I noticed this ZenBook 14 Q407IQ model, which was exclusively available at Best Buy in the US some time ago, and I wanted to tell you about it. Well, this laptop is currently available for $ 549 compared to its normal list price of $ 699, which makes it even more interesting as one of the cheapest Ryzen U models currently available.
With that kind of money, you get a Ryzen 5 4500U + Nvidia MX350 configuration, 8 GB LPDDR4x storage and 256 GB storage, plus a 50 Wh battery and an 80% sRGB matte screen with 300 nits.
In fact, the Q407IQ is pretty much an exclusive best-buy variant of the ZenBook UM433IQ that we tested some time ago and that is commercially available here in Europe.
However, it is cheaper. At $ 549, this is a bargain.
AMD has done a great job with its Ryzen 4000 hardware and offers a faster and more efficient alternative to the widespread Intel Core U platforms of this generation. And even if this only offers the 6Core / 6Thread Ryzen 5 processor and not the 8Core Ryzen 7, it is still fast enough for everyday use and some multitasking or medium-intensive workloads. With almost 1000 points in Cinebenh R15, this is 25-30% faster than with a Core i5-10210U.
Sure, Asus bundles the ZenBook Q407IQ with a SK Hynix SSD with low capacity and medium performance, but you can update it easily. In order to be able to access the internals, the rear wall must be removed. Make sure that there are a few screws behind the rear rubber feet.
However, there is no way to update the RAM, which is a potential deal breaker for this configuration. 8 GB is fine for everyday use, but more demanding loads and heavy multitasking would benefit from 16 GB. Up to you.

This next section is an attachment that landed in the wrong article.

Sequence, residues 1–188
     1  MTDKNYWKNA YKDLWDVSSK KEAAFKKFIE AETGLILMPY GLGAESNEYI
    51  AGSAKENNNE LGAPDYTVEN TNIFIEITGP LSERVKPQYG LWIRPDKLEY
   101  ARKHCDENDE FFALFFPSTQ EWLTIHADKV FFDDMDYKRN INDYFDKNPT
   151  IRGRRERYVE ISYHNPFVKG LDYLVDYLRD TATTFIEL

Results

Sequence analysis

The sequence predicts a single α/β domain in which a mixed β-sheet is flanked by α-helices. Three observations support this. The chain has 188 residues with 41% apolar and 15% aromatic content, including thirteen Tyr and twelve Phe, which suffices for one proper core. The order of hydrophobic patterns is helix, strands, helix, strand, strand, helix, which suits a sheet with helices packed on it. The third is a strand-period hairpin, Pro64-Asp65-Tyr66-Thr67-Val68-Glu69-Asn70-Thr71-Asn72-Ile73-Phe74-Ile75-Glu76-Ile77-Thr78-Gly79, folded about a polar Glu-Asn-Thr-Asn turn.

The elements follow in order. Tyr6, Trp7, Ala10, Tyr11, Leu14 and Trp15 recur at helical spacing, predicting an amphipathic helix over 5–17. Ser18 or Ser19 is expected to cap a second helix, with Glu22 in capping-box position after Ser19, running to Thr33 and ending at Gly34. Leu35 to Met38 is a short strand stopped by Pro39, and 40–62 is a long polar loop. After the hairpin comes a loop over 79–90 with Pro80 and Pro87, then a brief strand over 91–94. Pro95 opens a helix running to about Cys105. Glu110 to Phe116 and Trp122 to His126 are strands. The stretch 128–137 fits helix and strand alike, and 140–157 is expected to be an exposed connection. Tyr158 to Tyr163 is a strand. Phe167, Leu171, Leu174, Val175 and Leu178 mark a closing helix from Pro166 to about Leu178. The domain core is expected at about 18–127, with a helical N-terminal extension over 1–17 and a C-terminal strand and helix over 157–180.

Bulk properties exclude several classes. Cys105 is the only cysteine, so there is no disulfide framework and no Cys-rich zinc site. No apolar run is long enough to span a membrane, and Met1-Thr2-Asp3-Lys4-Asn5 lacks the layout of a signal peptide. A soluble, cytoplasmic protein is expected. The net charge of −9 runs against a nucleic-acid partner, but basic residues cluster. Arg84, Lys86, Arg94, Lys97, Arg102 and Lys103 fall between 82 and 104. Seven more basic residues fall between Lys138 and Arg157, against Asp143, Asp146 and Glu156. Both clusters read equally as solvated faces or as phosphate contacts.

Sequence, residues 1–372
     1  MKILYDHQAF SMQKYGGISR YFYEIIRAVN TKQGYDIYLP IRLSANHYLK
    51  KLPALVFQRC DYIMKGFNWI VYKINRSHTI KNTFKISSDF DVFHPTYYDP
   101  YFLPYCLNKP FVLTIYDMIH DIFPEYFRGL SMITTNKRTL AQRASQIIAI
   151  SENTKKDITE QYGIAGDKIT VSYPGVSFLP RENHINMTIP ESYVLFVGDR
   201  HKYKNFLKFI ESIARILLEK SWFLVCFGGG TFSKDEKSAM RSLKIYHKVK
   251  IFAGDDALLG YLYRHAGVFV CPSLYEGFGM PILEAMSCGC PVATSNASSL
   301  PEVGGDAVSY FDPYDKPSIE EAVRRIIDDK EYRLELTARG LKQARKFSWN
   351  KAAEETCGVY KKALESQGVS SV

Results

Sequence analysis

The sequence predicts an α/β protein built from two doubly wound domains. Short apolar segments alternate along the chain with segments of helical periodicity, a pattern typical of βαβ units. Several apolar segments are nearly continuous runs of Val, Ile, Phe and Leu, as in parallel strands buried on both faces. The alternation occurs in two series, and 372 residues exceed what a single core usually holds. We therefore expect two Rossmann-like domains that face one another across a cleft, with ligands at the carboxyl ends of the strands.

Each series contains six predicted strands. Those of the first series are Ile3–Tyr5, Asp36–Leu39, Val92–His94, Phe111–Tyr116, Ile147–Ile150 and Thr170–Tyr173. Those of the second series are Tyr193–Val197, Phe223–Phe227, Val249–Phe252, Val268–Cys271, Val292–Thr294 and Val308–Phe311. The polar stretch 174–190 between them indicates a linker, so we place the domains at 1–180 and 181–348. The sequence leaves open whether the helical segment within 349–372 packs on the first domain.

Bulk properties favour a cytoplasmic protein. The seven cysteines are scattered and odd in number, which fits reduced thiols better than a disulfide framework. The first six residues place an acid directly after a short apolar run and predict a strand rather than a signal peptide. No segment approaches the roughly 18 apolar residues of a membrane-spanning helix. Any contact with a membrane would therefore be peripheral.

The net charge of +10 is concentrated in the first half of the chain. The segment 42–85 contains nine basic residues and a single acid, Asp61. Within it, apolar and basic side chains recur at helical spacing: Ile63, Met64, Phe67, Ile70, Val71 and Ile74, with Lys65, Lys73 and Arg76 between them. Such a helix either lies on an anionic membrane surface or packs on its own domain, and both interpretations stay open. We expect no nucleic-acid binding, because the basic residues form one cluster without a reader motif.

The GPU is the 10W efficient implementation of the Nvidia MX350 chip, a much faster track of the MX250 series that was previously included in this type of form factor. We tested the exact same chip on the UM433IQ. This can handle older or casual games with FHD resolution and lower graphics details, but is not the most powerful implementation of this hardware, as the minimalist thermal design limits performance in games and combined CPU + GPU tasks to keep temperatures and noise levels low.
Still, I find this Q407IQ competitive even at a list price of $ 699, not to mention $ 549. And that’s because there is more to consider than just the hardware.
The laptop is pretty well built and looks good. The silver metallic exterior contains most of the required ports you’d expect from a 14 incher (though not a USB-C video or SD card reader), and an IR camera with Hi support at the top of the screen and a pretty good display. It is FHD and matt with more than 300 nits of brightness, 1000: 1 contrast and good color coverage at 80% sRGB. This is by no means surprising, but better than other laptops in this price range.
For comparison: the Acer Swift 3 or the Lenovo IdeaPad 5 both get more washed out sRGB colors under 60%. And if you are wondering if you notice the difference between 60 and 80%, the answer is yes. Almost all colors are distorted and muted on these panels under the age of 60, while they are fine on it, almost naturally, but still not as rich as in an implementation with more than 100 sRGB as you will find in more expensive laptops.
In addition to the screen, Asus has also put a backlit keyboard on this laptop, but the hard-to-read type with silver keys, white writing and white lighting. Below is a reliable and spacious clickpad made of plastic. Inside, a large part is reserved for the 50 Wh battery, so it can be used for 5-7 hours a day and 7-9 hours of video. By the way, this ZenBook doesn’t charge via USB-C, which you get with higher-level devices.
All in all, this ZenBook 14 Q407IQ is an interesting choice, even if it’s not without its quirks, especially for $ 549. This deal may not last long, but it can also reappear at regular intervals. If you miss it this time, I will keep it on your shortlist in the near future.
The biggest deal breaker is still the only 8 GB of non-upgradeable memory. 16 GB would have made this a clear recommendation for school and everyday use. However, if you don’t plan to run demanding applications on your notebook, 8 GB should be enough. Barely. What do you think?